A Birmingham hospital trust that axed more then 300 jobs to cut costs has ordered an urgent £3 million investment to combat severe short-staffing in its A&Es.
Managers of City Hospital, in Winson Green, and Sandwell Hospital, in West Bromwich, have revealed a shortage of A&E medical staff that breaches national standards.
But long term plans are to introduce more cheaper American-style physicians assistants, who are not doctors but are medically trained and will replace junior doctors in A&E as well as more new emergency nurse and physiotherapy practitioners for minor injuries.
West Midlands Quality Review Service analysed the two A&Es and ruled that both needed more medical staff to manage the workload, ordering nursing levels be kept under review.
Staffing rates reveal that Sandwell has enough medics to treat 40,300 patients a year, but they are actually coping with 83,000.
City A&E is staffed to cope with 75,400 patients a year and actually has 109,000 attendances.
Sandwell and West Birmingham NHS Trust currently hires 200 emergency staff, but a business plan has been approved to invest £2.93 million until 2013 for more posts.
“The single most important factor required to deliver a high quality, timely and clinically effective service for patients is proper staffing for the whole emergency system,” said Andre Brown, trust divisional manager.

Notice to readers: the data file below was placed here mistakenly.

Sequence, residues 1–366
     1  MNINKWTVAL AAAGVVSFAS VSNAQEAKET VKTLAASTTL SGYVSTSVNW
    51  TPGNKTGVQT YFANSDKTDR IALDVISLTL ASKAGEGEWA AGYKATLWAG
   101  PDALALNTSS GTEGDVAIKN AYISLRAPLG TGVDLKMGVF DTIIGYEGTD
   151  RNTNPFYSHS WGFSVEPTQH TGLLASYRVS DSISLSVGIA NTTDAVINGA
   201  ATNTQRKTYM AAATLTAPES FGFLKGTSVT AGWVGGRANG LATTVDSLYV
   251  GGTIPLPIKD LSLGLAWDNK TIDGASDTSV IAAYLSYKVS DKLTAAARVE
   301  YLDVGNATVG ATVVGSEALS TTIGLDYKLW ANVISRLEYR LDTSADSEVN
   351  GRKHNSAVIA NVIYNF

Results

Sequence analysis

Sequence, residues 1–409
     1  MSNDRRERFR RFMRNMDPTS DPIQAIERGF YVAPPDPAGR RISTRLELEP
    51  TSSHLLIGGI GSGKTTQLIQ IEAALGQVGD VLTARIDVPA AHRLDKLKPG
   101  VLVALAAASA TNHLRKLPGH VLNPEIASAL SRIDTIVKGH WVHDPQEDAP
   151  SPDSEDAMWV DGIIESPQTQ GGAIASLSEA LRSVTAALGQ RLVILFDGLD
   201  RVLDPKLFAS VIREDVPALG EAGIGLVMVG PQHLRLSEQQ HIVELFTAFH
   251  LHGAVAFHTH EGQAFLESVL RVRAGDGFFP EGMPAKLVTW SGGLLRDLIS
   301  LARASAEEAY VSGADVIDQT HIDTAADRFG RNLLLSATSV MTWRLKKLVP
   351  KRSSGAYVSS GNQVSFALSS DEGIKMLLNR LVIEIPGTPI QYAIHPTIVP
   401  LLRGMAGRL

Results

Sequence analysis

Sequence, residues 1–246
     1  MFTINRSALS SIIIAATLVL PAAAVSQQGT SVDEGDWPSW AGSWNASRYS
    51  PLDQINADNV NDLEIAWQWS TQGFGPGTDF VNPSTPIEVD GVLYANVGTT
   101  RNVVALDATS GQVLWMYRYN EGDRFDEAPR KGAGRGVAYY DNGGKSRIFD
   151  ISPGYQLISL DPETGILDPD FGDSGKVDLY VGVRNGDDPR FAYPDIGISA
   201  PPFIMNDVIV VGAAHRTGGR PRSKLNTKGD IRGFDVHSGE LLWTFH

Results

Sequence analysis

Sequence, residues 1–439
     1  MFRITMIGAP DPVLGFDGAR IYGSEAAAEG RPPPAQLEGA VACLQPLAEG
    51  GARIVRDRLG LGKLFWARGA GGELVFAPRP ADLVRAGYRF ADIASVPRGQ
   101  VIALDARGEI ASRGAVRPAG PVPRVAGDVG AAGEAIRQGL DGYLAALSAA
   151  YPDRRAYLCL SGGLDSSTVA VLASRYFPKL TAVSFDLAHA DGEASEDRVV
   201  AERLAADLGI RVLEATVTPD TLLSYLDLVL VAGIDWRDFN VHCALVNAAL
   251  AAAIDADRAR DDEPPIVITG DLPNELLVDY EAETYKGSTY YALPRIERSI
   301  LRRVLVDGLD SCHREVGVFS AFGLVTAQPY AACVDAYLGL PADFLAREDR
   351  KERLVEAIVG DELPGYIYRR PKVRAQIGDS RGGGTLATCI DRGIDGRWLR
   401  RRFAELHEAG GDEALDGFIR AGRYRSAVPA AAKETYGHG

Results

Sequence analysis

“The physician assistant role is fairly new to the UK and is gaining recognition. A training programme is now being delivered by our local universities at Birmingham and Wolverhampton with the first group qualifying this spring.
“These measures have the potential to create first class emergency departments on two sites.”
The trust plans to hire seven extra consultants, costing £840,000, by February next year as it has the lowest consultant staffing levels in the region. More senior nurse shift leaders are also needed.
The trust announced 40 redundancies and the non replacement of 280 posts in March last year to make £20million savings. Cost-cutting also played a part in the closure of the 12-bed Eliza Tinsley Ward at Rowley Regis Hospital.
City A&E is the main casualty department for Birmingham city centre.